TitleHow Do Legal Surprises Drive Organizational Attention and Case Resolution? An Analysis of False Patent Marking Lawsuits
Publication TypeJournal Articles
Year of Publication2018
AuthorsJoshi, A, Hemmatian, I
JournalResearch Policy
Date Published2018
KeywordsDoctoral Program, MBA, Strategy & Entrepreneurship
Abstract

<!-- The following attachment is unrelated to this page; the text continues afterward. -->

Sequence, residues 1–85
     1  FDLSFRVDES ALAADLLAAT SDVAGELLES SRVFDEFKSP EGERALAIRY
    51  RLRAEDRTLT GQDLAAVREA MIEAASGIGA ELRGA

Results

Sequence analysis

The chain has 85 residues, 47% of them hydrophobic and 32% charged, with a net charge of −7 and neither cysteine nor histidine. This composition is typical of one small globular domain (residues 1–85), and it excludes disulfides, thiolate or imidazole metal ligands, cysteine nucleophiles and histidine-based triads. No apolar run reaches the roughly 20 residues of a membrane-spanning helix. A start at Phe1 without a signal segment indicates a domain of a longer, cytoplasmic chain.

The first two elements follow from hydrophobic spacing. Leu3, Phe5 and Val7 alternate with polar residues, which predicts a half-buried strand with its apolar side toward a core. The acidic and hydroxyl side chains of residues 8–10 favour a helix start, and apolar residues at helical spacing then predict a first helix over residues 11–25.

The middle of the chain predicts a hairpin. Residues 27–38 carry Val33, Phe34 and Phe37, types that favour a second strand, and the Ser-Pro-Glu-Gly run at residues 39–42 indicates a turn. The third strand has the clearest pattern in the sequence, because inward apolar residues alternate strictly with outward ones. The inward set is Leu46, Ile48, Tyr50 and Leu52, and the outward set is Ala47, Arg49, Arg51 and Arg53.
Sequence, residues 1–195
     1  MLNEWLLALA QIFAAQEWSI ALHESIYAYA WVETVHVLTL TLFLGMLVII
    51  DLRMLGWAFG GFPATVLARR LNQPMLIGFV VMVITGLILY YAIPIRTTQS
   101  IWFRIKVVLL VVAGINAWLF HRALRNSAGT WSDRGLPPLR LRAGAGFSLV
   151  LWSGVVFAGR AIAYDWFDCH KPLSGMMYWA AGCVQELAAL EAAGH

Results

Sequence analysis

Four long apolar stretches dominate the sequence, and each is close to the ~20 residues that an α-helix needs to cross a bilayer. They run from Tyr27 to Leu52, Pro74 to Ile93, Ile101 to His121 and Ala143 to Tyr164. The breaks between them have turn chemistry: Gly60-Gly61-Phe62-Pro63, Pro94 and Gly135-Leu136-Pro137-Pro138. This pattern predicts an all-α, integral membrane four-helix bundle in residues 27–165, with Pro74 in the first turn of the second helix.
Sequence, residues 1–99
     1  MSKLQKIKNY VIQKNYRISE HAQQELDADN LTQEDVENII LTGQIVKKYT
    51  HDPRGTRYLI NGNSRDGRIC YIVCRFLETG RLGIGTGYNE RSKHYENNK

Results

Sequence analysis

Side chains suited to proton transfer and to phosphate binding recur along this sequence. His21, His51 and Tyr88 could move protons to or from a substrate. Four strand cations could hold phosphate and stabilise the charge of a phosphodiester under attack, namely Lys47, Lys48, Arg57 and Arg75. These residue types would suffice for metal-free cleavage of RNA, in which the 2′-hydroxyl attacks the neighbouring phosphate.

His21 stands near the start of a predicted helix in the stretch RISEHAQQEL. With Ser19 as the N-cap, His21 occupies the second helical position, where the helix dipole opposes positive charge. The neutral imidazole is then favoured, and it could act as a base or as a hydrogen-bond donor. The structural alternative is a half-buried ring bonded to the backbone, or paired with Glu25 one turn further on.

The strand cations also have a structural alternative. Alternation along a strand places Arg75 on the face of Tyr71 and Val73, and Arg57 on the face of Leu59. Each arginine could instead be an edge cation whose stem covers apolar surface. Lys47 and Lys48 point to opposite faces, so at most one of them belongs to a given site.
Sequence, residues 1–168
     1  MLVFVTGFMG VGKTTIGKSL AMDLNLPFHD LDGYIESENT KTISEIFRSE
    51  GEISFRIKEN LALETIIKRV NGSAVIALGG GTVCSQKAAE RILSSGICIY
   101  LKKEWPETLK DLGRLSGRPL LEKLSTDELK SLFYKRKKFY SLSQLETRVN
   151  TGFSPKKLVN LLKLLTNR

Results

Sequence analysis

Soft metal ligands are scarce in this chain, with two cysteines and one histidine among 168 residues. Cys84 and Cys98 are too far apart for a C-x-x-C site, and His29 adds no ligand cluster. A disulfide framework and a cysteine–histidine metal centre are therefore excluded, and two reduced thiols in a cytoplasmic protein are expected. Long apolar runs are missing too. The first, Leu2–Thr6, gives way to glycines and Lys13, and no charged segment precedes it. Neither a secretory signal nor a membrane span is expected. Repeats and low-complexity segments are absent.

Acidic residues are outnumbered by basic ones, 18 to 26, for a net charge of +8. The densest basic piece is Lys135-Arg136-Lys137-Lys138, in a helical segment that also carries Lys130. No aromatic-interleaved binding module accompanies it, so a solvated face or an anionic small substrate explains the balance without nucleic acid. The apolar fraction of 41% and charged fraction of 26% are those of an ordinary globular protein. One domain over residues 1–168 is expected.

Legal surprises are unexpected suits or actions in which plaintiffs rely on claims or precedents that may be obscure, unfamiliar, or unknown to the defendants. Our study explores false patent marking suits, a unique type of patent-related legal surprise involving allegations of defendants marking products with ineligible patent numbers to deceive customers and/or deter competitors. An abrupt shift in U.S. Federal Courts’ interpretation of intellectual property rights (IPRs) policy amplified plaintiff incentives for filing these suits while escalating defendant penalties for proven violations. Handling costly legal surprises such as false patent marking suits requires focused attention from managers. Our core premise is that temporal and evidential cues in the timelines and storylines of plaintiffs’ legal narratives in surprise suits attract defendants’ organizational attention. We hypothesize about temporal focus (past, present, and future) and evidentiary reasoning (relevance, credibility, and inferential power) as attention cues and possible predictors of the mode (litigation or negotiation) and timing of case resolution. We apply automated content analysis to official court records for 992 false patent marking cases (2009-2011) and quantify competing risks using hazard models. We find that differences in temporal focus and evidentiary reasoning in the legal narratives of surprise suits are significant predictors of case resolution mode and timing. We also find that defendants countersuing to redirect plaintiffs’ attention is an effective negotiating tactic. We discuss the economic significance and strategic implications of our empirical findings on legal surprises, attention, case resolution mode and timing, and the unintended consequences of IPR policy changes.

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